WHEN ROMAN CATHOLICS say to me they cannot believe that they can be saved completely and without the ministrations of their priests, I think back to the time when I too, as a priest, could not believe it. Like Martin Luther struggling to find the light, I thought of God’s righteousness as a punitive righteousness. And like Luther I wondered in despair how God could expect me to become righteous, and make others righteous, by the works of my own hands.
Luther’s discovery of the correct interpretation of the 17th verse of the first chapter of Paul’s epistle to the Romans, touched off the spark that set the Protestant Reformation going. He read there about “The Gospel of Christ . .. for therein is the righteousness of God revealed from faith to faith: as it is written, the just shall live by faith.”
No conversion of priest or layman from Roman Catholicism is complete without full acceptance of the fact here set forth, that the Gospel of Jesus Christ reveals that through faith in Jesus Christ man is actually invested with the very righteousness of God.
Like all other priests who have been converted to the Gospel teaching, Luther had believed, as he was taught in Roman Catholic theology, that this righteousness was solely an attribute of God which man could never attain, and which God held like a big stick over his head. For this reason he accepted the Gospel as a system of modified law under which salvation had to be earned by good works.
Two other Scripture passages clearly confirm Luther’s discovery. The first is Romans 3:21: “But now, without the law, the righteousness of God is manifested… righteousness by faith of Jesus Christ unto all, and upon all them that believe.” And again, in Phil. 3:9: "Not having mine own righteousness, which is of the law, but that which is through faith in Christ, the righteousness which is of God through faith.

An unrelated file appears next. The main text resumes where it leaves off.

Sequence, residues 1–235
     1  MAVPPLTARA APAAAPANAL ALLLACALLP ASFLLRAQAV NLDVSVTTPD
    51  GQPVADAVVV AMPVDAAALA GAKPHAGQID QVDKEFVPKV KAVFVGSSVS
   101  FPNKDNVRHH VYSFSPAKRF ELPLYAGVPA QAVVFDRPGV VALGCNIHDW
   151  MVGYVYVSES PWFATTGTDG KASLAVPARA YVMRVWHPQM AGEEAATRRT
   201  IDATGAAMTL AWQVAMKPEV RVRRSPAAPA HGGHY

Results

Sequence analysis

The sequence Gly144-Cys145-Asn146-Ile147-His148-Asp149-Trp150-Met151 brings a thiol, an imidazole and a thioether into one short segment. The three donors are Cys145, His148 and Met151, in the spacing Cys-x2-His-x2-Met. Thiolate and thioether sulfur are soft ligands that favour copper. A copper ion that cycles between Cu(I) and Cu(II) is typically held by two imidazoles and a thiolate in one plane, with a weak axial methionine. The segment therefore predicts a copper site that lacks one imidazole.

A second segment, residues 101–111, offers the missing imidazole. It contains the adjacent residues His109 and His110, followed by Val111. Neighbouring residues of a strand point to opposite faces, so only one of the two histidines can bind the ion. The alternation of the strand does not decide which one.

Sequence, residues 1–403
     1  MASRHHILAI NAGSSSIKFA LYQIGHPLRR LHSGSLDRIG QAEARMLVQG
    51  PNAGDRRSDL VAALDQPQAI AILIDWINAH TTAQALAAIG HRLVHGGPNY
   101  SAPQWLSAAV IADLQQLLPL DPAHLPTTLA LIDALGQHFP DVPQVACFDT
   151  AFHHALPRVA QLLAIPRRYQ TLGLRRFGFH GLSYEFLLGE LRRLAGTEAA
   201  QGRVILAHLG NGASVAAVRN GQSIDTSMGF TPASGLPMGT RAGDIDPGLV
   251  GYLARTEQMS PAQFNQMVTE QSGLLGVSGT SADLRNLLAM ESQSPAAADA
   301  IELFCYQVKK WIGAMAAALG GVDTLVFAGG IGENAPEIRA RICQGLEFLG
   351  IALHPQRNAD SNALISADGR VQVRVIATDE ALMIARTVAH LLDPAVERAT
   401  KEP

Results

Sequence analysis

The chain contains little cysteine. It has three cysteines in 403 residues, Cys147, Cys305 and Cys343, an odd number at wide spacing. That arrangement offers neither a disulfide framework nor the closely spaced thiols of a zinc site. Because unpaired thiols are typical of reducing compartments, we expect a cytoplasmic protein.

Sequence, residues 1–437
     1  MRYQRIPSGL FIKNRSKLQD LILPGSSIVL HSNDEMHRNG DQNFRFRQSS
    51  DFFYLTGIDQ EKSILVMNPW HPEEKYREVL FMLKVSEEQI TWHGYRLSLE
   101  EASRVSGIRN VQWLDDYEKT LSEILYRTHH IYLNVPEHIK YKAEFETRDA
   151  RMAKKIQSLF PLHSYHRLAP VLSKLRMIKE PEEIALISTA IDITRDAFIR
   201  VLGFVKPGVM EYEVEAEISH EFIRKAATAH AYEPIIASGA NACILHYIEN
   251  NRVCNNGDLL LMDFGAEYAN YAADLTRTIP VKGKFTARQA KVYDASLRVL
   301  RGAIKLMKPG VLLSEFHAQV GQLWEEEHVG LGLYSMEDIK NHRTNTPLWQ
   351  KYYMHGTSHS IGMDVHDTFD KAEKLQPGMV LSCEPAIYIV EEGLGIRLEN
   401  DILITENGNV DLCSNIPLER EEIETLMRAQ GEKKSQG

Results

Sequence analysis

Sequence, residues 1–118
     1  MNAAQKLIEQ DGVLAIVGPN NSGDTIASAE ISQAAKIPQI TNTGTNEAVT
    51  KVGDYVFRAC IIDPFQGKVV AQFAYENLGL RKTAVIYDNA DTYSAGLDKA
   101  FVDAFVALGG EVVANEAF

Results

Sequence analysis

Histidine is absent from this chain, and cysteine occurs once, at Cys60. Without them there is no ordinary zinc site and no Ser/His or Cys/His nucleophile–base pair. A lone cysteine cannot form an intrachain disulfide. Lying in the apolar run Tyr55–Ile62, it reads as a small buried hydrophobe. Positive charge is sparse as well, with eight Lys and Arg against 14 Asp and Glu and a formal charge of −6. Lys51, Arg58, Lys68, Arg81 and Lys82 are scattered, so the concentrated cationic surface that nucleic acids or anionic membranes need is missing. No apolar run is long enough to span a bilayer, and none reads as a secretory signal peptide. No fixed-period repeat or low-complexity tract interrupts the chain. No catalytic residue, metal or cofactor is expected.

Now, it is obvious that this “righteousness of faith” must mean that justifying righteousness with which we are invested by God through faith. It cannot mean the attribute of righteousness in God himself, which is an abstract thing, and which obviously is not possessed by God from faith or anything else, since it is inherent in Him by His divine nature. It comes to us instrumentally from faith, however, not from works. Paul describes it in the Greek as springing out of or from faith — ek pisteos. It is put onus by God, and is in every sense His work and gift.
Roman Catholics cannot understand how this is possible, because they are never taught to believe that salvation and justification can come to them in any other way except it is earned by conforming to the laws of the Church. This is the old pagan Roman principle that salvation must be earned piecemeal, the same as a salary or reward for proportionate work done by slaves for a master.
It must be remembered that the apostle Paul wrote this epistle about this new teaching of the Gospel to Romans in Rome itself. They knew of the pre-Christian religious principle of having to earn one’s salvation by works. If what Paul told them was in no way different from what they knew and saw around them, why should he want to explain it at all? His object was to show the Romans by contrast how much the Gospel teaching differed from the Roman principle of being justified by obedience to external law.